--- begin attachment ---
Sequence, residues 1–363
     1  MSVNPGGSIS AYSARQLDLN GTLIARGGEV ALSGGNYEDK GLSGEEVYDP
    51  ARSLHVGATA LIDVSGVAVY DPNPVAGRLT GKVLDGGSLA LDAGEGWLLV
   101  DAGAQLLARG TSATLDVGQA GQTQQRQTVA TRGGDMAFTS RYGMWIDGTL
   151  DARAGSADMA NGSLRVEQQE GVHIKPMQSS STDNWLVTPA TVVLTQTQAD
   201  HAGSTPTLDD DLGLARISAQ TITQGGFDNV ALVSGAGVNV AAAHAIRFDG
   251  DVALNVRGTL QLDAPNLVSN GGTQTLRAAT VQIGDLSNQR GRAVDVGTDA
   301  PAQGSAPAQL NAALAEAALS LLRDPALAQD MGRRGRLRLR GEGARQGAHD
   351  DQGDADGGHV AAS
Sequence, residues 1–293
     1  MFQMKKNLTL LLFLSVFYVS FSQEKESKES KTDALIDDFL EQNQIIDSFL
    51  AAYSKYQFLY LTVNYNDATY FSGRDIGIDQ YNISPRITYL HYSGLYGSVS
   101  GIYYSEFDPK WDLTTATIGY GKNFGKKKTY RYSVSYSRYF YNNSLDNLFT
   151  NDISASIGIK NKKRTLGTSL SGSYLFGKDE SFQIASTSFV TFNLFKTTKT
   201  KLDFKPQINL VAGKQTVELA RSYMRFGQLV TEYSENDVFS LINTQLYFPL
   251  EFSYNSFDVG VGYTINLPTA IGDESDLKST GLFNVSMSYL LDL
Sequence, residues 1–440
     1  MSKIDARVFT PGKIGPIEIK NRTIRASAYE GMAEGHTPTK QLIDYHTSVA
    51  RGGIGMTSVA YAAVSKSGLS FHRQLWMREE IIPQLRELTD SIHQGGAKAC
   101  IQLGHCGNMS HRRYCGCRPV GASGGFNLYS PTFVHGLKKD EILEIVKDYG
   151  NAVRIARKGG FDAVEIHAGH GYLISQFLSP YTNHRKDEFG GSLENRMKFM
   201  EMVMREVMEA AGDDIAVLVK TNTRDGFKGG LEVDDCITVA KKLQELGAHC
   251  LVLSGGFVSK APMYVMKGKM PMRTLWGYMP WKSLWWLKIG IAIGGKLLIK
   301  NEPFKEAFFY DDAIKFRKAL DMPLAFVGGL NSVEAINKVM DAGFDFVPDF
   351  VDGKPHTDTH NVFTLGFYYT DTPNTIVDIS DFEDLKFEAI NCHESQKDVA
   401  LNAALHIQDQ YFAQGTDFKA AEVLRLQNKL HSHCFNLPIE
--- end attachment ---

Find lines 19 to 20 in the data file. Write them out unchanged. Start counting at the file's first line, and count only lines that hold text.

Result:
    51  RGGIGMTSVA YAAVSKSGLS FHRQLWMREE IIPQLRELTD SIHQGGAKAC
   101  IQLGHCGNMS HRRYCGCRPV GASGGFNLYS PTFVHGLKKD EILEIVKDYG